Eating a healthy diet

Here's a simple guide to make healthier eating easier.

Making healthy food choices will help you manage your weight, control your blood sugar and increase your energy levels. But sometimes it can be hard to know exactly what makes up a healthy diet. A healthy meal for people with diabetes looks a lot like a healthy meal for everyone else, and you can still eat a wide variety of foods. Sticking to your SmartPoints budget will guide you towards a healthier diet overall.

The Eatwell Guide and the Plate Model

The Eatwell Guide displays the types and proportions of foods that we need to have a well-balanced, varied and healthy diet. When you have Diabetes, or other health or allergy concerns, it is still a great guide but it’s worth speaking to a dietitian to help tailor the advice to you.

One way to help plan your meals and manage your portion sizes of carbohydrates is something called ‘the plate model.’ You start by dividing your plate in half by drawing an imaginary line down the middle. One half should be further divided, leaving a total of three sections. You then put different food groups on each section of the place to make sure you are eating the right proportions of the right things. The largest section should contain non-starchy vegetables, and the two smaller sections should contain protein and starchy vegetables and grains.

Remember that it’s also important to keep an eye on your total portion size. And that the plate model doesn’t have to represent each and every meal. It can represent an overview of your daily nutritional intake.

Non-starchy vegetables

Non-starchy vegetables include tomatoes, carrots, broccoli and all of the leafy green veggies.  This section of your plate should be the largest. You should try to eat between 3 and 5 portions of vegetables per day. Non-starchy vegetables are high in minerals, vitamins and fibre but low in carbohydrates and calories. They’re also zero SmartPoints, so you can eat as many as you like.

Grains and starchy vegetables

Grains and starchy vegetables (including bread, rice, beans, cereals and starchy vegetables like potatoes) tend to be high in carbohydrate. When you eat these your digestive system will break them down into sugar, causing your blood sugar levels to rise. It’s important to limit starchy foods to a quarter of your plate and to make sure that your carbohydrate intake is spread consistently across the day to avoid peaks and troughs in your blood sugar.

When it comes to cereals and grains, it’s a good idea to look at labels to ensure you’re making the best choices. Go for whole grain, high-fibre foods where possible as these contain vitamins, minerals and tend to help you stay full for longer with less of an effect on your blood sugars. In fact, it’s recommended that in the UK adults aim for 30g of fibre per day.

Examples of whole grains include:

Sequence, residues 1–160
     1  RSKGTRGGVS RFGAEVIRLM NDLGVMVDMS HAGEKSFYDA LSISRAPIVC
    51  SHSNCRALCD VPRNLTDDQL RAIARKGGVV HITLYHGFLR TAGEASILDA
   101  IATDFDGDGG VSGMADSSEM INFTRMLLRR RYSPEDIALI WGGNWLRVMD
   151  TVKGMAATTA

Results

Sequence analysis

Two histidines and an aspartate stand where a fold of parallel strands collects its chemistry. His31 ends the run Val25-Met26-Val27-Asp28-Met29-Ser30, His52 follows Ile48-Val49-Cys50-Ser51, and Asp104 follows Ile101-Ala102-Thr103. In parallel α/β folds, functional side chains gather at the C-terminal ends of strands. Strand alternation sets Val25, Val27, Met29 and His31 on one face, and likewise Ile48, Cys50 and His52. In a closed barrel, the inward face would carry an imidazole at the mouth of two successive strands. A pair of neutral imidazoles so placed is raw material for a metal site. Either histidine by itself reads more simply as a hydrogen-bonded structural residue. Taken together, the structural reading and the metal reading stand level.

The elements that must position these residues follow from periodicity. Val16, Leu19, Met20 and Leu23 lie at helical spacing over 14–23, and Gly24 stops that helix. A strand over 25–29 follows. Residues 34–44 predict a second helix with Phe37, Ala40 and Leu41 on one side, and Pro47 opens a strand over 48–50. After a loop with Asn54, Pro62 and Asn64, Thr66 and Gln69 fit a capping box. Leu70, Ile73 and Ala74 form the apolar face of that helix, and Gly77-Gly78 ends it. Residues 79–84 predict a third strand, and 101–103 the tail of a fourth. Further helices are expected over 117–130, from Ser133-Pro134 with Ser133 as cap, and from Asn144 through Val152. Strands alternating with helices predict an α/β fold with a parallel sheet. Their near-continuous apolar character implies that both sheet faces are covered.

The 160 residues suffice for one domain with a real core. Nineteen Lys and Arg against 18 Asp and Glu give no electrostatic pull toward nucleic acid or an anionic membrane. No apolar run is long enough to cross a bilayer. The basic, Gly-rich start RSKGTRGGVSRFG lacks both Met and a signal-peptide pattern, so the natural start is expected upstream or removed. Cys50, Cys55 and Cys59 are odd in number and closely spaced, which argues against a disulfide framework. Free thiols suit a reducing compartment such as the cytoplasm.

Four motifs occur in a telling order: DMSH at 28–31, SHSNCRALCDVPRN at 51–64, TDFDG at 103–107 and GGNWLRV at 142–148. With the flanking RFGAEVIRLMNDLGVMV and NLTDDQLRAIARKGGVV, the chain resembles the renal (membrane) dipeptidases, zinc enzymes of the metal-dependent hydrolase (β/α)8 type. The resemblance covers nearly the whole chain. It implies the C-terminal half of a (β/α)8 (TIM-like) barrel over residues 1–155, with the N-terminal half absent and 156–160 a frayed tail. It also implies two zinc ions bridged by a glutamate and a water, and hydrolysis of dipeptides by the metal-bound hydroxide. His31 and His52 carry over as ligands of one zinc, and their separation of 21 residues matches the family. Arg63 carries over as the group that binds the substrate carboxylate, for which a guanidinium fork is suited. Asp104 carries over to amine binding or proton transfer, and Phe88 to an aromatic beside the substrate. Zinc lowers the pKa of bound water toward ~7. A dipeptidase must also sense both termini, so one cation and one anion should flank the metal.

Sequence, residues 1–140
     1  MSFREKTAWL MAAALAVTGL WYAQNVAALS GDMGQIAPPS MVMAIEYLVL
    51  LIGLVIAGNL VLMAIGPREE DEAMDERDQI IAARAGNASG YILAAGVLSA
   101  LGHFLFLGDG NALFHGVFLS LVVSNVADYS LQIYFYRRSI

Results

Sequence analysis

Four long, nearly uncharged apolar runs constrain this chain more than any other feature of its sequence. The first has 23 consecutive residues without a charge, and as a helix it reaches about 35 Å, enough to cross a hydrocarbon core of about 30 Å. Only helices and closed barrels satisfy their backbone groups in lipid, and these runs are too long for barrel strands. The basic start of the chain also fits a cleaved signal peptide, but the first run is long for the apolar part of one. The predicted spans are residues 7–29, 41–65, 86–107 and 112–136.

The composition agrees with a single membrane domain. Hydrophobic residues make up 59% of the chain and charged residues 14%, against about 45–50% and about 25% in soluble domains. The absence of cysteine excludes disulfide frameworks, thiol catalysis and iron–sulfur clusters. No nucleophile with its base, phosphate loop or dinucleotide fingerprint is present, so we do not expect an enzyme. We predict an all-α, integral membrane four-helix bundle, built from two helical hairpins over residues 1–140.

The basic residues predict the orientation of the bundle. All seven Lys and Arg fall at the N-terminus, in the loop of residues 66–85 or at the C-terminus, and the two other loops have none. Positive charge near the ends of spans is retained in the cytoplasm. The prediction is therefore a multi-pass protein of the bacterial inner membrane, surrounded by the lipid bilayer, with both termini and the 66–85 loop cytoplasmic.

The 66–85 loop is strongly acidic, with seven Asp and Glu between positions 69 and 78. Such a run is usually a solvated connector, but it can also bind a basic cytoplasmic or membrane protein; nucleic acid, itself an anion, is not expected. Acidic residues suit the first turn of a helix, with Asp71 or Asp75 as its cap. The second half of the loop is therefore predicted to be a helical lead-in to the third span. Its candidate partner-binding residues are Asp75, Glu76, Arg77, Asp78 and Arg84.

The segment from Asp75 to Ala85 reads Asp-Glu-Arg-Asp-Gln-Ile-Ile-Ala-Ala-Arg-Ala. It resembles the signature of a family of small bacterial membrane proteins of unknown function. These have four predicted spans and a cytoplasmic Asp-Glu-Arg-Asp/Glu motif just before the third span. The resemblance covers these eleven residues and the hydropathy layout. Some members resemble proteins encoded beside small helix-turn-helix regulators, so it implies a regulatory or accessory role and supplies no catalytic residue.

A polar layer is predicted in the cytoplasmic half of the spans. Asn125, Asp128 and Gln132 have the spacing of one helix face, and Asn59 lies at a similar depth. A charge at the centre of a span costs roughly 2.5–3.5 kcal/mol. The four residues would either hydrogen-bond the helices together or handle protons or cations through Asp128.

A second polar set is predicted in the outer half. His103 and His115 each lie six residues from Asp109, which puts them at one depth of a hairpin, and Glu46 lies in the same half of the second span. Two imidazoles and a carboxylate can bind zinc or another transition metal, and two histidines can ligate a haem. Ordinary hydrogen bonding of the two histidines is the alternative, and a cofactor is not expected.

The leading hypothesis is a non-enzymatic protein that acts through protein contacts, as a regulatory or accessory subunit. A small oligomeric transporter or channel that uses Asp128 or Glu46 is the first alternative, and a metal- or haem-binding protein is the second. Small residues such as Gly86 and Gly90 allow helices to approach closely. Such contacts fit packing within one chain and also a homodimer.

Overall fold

• Wild or brown rice
  • Whole wheat flour
  • Quinoa
  • Oatmeal/porridge
  • Bulgar wheat


Protein includes meat, chicken, fish, tofu, eggs, and pulses. Pulses include beans, peas and lentils and are a low-fat alternative to meats. These foods are high in vitamins and minerals and help to keep you feeling full for longer. Lean proteins are low in SmartPoints, so having some protein t each meal can make your budget go further. As a general rule, one serving of protein should be about the same size as your fist, or should fit into the palm of your hand.

It’s recommended that you eat at least two portions of steamed or grilled oily fish per week. Examples of oily fish include salmon, tuna and mackerel as all of these contain high levels of omega 3 – a fatty acid which is thought to protect against cardiovascular disease.

Meats are a great source of protein, vitamins and minerals. But some meats are healthier than others. Here’s some tips to help you make healthy choices when choosing your meats:

  1. Avoid processed meat Processed meats include parma ham, salami, pat­e and bacon. Try to keep these to a minimum as they tend to be high in salt and fat which can lead to increased blood pressure and heart disease.
  2. Choose lean, lower-fat options Ask your butcher for a lean cut. Before cooking it is also a good idea to try and remove all visible fat. Grill or bake foods to avoid using extra fat, but if you need to use oil then use as little as possible and always measure it, or use a sprayer to make your oil go further.
  3. Choose meats low in saturated fats Meats high in saturated fats can raise cholesterol and lead to heart disease. So it’s important to try and pick low-fat meats such as chicken or turkey with the skin removed. If you’re not sure which meats are low in saturated fat, let the SmartPoints value guide you; the lower the saturated fat, the lower the value. Also, if you’re using oil to cook then choose monounsaturated fat such as olive oil rather than butter


You should aim to have 2-3 servings of milk or dairy products throughout the day. It’s important to remember that these can be high in fat so try to pick lower fat options such as skimmed milk where possible. But remember, some low fat products can be high in sugar so you keep an eye on the amount of added sugar. If you need to use a dairy alternative, such as soya milk or almond milk, choose the unsweetened variety.

More information on food groups, the plate model and portion size can be found at Diabetes UK.